At first, I was thinking about sailing but I really don’t much about that subject. I can try to imagine the thrill of the open water, the feeling of untiy with the natural world, but I’m pretty sure it’s not the same as the real experience.

I began to wonder what was the underlying appeal of sailing, of open water. All that came to me was the word escape.

That made sense. You’re free from the ties that bind out there, subject, of course, to the whims of Mother Nature. We can never free ourselves from her her apron strings.

Yes, escape. And that representation of escape might be the appeal of these boat paintings even for us non-sailors. 

I searched for  a few words from others to describe that and came across the excerpt from a 2012 article in the New Yorker from the late Oliver Sacks, who wrote about how we need some form of escape from the day-to-day, an outlet where we are free from the restrictions set upon us by others. 

I was torn between the Sacks excerpt and these words from the great Graham Greene:

Writing is a form of therapy; sometimes I wonder how all those who do not write, compose, or paint can manage to escape the madness, melancholia, the panic and fear which is inherent in a human situation.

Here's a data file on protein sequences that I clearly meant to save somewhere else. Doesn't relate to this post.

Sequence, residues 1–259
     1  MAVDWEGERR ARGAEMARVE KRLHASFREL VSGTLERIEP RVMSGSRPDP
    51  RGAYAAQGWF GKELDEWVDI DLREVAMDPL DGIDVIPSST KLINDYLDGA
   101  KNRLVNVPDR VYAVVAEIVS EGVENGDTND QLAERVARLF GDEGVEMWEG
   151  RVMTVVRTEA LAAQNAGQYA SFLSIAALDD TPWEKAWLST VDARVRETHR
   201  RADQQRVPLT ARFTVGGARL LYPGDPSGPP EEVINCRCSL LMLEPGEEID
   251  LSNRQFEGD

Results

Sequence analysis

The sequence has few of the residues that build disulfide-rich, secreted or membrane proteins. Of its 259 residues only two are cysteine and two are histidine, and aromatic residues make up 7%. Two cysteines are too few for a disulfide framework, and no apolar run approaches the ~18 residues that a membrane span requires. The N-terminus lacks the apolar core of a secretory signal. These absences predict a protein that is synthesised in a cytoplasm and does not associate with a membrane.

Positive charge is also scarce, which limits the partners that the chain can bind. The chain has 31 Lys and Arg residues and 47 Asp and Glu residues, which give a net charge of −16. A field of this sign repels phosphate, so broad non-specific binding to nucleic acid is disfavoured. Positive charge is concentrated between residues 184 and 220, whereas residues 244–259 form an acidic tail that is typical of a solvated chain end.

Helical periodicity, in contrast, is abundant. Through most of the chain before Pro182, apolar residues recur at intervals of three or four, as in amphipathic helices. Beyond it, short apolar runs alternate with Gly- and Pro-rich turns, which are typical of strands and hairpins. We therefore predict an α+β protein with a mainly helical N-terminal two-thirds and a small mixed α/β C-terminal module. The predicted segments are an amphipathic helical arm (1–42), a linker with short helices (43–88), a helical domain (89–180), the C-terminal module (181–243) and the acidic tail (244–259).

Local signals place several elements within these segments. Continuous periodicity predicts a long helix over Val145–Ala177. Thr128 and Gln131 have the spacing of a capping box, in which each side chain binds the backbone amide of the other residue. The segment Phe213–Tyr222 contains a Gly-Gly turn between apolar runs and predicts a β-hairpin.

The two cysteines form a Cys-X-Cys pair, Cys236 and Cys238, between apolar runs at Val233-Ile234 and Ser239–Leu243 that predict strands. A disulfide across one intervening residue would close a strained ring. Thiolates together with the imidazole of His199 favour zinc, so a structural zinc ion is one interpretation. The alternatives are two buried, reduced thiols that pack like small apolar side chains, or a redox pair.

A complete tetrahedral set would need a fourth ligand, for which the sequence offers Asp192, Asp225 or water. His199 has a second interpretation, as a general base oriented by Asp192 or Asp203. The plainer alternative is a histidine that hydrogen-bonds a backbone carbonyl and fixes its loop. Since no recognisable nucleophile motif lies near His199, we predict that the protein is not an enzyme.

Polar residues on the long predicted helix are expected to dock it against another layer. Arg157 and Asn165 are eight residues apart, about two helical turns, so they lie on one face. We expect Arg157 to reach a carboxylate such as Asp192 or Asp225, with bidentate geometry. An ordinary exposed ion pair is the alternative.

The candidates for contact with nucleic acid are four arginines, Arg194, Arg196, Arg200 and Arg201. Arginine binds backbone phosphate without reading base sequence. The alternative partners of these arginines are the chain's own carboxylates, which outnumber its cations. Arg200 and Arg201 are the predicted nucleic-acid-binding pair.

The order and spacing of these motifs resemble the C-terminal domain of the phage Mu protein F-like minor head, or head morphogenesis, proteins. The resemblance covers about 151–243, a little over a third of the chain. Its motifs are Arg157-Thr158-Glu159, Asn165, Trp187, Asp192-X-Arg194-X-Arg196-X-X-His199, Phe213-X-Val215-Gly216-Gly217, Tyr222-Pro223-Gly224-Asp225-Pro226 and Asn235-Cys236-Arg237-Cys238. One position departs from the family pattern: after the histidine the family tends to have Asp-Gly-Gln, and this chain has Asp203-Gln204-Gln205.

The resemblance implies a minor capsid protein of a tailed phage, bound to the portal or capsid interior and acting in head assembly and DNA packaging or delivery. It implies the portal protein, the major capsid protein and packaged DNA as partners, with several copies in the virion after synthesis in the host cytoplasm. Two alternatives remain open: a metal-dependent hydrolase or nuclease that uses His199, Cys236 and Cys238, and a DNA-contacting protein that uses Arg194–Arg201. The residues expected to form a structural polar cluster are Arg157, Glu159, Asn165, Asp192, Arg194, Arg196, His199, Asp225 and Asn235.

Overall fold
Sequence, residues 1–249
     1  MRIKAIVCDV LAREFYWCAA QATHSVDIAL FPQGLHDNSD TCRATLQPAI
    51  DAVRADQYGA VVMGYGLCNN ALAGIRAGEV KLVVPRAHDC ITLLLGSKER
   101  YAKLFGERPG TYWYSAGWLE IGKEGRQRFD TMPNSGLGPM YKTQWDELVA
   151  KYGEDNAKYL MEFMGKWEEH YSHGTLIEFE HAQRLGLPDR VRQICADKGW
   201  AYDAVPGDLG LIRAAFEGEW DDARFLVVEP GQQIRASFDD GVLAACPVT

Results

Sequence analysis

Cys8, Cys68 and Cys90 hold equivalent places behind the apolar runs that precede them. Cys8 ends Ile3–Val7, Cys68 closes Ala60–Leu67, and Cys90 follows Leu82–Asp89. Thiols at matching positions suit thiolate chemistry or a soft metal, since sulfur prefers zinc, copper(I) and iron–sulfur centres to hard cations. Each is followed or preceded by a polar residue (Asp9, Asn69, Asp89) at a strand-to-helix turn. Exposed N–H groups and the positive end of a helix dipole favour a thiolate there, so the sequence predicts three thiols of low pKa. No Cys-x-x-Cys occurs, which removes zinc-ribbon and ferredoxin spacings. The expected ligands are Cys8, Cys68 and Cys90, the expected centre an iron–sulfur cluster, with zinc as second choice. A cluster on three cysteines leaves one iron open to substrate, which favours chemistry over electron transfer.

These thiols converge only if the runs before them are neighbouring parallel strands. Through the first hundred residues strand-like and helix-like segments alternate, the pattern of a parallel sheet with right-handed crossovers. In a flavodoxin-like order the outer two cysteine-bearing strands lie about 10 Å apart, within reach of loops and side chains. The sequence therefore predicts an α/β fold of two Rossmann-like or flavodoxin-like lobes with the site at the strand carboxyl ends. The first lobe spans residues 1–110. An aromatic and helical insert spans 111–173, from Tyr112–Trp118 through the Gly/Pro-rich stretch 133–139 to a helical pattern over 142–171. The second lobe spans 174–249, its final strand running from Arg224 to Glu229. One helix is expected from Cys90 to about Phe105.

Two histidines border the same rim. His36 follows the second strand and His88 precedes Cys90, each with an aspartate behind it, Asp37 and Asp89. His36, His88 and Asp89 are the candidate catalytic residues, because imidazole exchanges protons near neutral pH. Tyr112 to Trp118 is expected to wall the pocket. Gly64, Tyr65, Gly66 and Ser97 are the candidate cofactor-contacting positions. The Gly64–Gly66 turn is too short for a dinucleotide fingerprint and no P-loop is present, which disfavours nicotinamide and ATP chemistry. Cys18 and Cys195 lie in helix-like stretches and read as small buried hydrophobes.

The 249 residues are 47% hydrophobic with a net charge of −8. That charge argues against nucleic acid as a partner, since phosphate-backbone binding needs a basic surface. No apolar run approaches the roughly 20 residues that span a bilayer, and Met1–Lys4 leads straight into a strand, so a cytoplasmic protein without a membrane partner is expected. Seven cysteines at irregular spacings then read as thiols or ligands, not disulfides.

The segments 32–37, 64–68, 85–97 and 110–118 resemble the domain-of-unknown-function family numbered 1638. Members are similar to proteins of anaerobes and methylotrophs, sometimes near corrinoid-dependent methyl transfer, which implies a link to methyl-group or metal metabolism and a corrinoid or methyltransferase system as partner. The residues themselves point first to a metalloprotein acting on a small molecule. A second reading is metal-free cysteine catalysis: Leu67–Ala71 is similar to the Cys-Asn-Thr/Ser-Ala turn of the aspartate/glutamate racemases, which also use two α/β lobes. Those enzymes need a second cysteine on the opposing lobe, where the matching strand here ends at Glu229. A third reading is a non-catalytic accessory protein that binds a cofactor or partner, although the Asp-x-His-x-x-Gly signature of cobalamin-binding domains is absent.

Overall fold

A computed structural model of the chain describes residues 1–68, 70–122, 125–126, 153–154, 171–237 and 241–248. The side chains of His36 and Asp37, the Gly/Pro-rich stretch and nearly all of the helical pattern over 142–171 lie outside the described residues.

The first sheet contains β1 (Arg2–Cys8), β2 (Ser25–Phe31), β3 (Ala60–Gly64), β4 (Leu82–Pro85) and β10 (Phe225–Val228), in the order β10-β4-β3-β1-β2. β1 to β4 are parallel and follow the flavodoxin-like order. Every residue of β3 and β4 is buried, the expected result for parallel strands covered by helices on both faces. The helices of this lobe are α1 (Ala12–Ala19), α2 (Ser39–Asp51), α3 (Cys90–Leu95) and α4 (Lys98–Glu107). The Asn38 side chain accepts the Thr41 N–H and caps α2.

It seemed a little more pointed at creative types but made great sense to me. My work certainly does provide me with an escape route from the stresses and pains of the real world. 

I wasn’t sure which quote to use but, in the end, I guess I opted for using both.  After all, this is my blog and I can do what I want. I make the rules.

Maybe this is, in itself, a form of escape?

Maybe I should take up sailing. Since it’s about 8° this morning, that seems unlikely anytime soon. So, let’s listen to a favorite song from Lyle Lovett. It’s If I Had a Boat from his epic 1988 album Pontiac. I listened to this album over and over back then and it was a means of escape at times. It still holds up beautifully to this day.

Hope you find your own escape route and have a good day.



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“The feelings that hurt most, the emotions that sting most, are those that are absurd – The longing for impossible things, precisely because they are impossible; nostalgia for what never was; the desire for what could have been; regret over not being someone else; dissatisfaction with the world’s existence. All these half-tones of the soul’s consciousness create in us a painful landscape, an eternal sunset of what we are.”

― Fernando Pessoa



This is another piece from the Little Gems show that opens Friday at the West End Gallery. Its title is What Might Have Been which comes from the feeling of regret or nostalgia or, at least, retrospection that I feel in it. Those are feelings that I think most of have dealt with in some form. Hopefully, they don’t overwhelm our lives in the present.